Google report significant rise in government takedown requests

The number of takedown requests Google receives from governments to remove political content from its services has jumped this year, according to the company's annual transparency report.

The report published yesterday covers the first half of 2013, noting every request that the internet giant receives from government agencies to take down material from the web.

In this period covered by the report, Google has received 3,846 government requests – 68 per cent more than the second half of 2012.

Susan Infantino, a legal director at Google, said in a blogpost: "Over the past four years, one worrying trend has remained consistent: governments continue to ask us to remove political content.

"Judges have asked us to remove information that's critical of them, police departments want us to take down videos or blogs that shine a light on their conduct, and local institutions like town councils don't want people to be able to find information about their decision-making processes," she added.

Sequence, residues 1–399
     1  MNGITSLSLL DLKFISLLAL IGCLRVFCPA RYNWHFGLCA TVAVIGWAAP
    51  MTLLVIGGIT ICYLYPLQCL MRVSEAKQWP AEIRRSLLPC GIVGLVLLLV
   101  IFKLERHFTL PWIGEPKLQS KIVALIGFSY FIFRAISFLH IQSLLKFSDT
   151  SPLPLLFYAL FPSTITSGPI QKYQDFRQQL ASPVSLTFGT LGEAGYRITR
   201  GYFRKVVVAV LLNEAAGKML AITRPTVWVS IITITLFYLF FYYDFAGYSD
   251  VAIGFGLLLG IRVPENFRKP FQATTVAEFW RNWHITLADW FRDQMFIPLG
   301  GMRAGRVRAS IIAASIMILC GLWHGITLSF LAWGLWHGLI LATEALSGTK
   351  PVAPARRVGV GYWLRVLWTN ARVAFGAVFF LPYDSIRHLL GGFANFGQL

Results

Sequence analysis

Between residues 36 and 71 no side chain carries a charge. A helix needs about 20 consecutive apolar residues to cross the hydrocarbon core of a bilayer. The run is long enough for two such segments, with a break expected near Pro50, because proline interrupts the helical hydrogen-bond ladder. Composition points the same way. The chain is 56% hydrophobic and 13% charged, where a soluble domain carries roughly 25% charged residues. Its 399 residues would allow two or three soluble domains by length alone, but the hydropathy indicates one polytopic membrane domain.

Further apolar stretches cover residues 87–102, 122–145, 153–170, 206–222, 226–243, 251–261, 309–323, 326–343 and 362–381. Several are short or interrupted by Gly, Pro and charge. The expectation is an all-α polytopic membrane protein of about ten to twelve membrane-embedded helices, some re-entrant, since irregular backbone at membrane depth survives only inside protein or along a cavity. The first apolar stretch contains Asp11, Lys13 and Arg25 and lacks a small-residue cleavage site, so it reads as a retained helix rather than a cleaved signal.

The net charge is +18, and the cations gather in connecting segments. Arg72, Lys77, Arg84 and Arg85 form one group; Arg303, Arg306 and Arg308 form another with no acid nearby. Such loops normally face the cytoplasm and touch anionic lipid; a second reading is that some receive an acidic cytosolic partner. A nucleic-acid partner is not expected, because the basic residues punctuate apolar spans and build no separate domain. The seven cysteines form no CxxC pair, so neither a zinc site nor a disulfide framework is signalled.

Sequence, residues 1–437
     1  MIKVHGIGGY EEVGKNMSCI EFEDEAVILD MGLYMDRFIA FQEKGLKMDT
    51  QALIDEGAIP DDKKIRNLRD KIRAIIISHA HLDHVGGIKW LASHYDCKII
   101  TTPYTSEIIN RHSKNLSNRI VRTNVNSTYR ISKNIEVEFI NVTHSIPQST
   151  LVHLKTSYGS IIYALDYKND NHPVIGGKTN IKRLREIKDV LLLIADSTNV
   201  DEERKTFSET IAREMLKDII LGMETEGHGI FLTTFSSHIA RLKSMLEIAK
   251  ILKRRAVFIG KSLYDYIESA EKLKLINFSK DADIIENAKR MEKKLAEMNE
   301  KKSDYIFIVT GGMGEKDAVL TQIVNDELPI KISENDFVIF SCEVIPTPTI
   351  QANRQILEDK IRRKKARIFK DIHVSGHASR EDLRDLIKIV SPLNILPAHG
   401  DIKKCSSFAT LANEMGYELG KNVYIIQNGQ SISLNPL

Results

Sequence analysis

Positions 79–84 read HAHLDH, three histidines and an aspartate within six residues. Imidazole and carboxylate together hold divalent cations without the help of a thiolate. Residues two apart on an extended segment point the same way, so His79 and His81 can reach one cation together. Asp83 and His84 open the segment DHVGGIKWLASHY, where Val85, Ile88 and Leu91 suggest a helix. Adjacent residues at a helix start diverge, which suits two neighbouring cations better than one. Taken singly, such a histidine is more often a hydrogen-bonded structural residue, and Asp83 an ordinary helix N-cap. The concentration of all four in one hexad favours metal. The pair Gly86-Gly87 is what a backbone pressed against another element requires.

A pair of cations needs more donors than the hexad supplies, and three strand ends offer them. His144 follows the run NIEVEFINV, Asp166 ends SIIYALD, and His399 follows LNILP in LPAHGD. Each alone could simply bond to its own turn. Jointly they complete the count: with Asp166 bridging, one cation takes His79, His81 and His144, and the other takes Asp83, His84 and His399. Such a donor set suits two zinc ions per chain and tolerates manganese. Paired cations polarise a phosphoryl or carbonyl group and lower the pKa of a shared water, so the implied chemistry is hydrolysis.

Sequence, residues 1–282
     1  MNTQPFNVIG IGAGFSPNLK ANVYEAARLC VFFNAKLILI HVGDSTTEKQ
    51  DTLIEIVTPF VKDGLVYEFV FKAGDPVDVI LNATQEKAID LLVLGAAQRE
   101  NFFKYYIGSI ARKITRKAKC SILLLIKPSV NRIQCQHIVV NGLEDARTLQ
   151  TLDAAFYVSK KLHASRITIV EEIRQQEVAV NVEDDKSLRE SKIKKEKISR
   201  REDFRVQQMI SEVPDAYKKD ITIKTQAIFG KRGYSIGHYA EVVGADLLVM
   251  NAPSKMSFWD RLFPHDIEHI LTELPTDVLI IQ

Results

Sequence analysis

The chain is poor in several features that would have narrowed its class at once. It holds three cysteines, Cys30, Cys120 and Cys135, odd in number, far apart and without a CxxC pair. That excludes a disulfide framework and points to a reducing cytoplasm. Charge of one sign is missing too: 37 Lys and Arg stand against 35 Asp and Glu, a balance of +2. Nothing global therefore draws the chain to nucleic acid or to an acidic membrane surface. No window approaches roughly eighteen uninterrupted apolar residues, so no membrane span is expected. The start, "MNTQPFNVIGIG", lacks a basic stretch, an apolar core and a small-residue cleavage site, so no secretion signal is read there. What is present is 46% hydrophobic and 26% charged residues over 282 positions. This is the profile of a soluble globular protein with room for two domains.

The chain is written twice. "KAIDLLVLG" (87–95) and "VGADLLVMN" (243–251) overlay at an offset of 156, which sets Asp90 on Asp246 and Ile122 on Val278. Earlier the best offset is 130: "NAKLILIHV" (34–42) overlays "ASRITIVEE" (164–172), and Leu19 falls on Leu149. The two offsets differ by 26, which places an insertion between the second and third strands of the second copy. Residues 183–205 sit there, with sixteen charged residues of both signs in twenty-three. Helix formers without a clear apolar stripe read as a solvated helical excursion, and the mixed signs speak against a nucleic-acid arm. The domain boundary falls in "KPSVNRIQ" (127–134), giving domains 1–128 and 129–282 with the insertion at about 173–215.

Google reports that in the UK it complied with a request from a law firm representing an MP to remove a preview from Google Books that allegedly defamed their client. However, a request received from a local government council to remove a blog post that allegedly defamed the council was not adhered to.

"While the information we present in our transparency report is certainly not a comprehensive view of censorship online, it does demonstrate a worrying upward trend in the number of government requests, and underscores the importance of transparency around the processes governing such requests," Infantino said.

"As we continue to add data, we hope it will become increasingly useful and informative in policy debates and decisions around the world."

The upward trend in government takedown requests mirrors that of the increasing number of requests by copyright holders to remove pages infringing copyright laws. In the first half of this year, Google received 100 million requests, double the amount it received for the whole of 2012.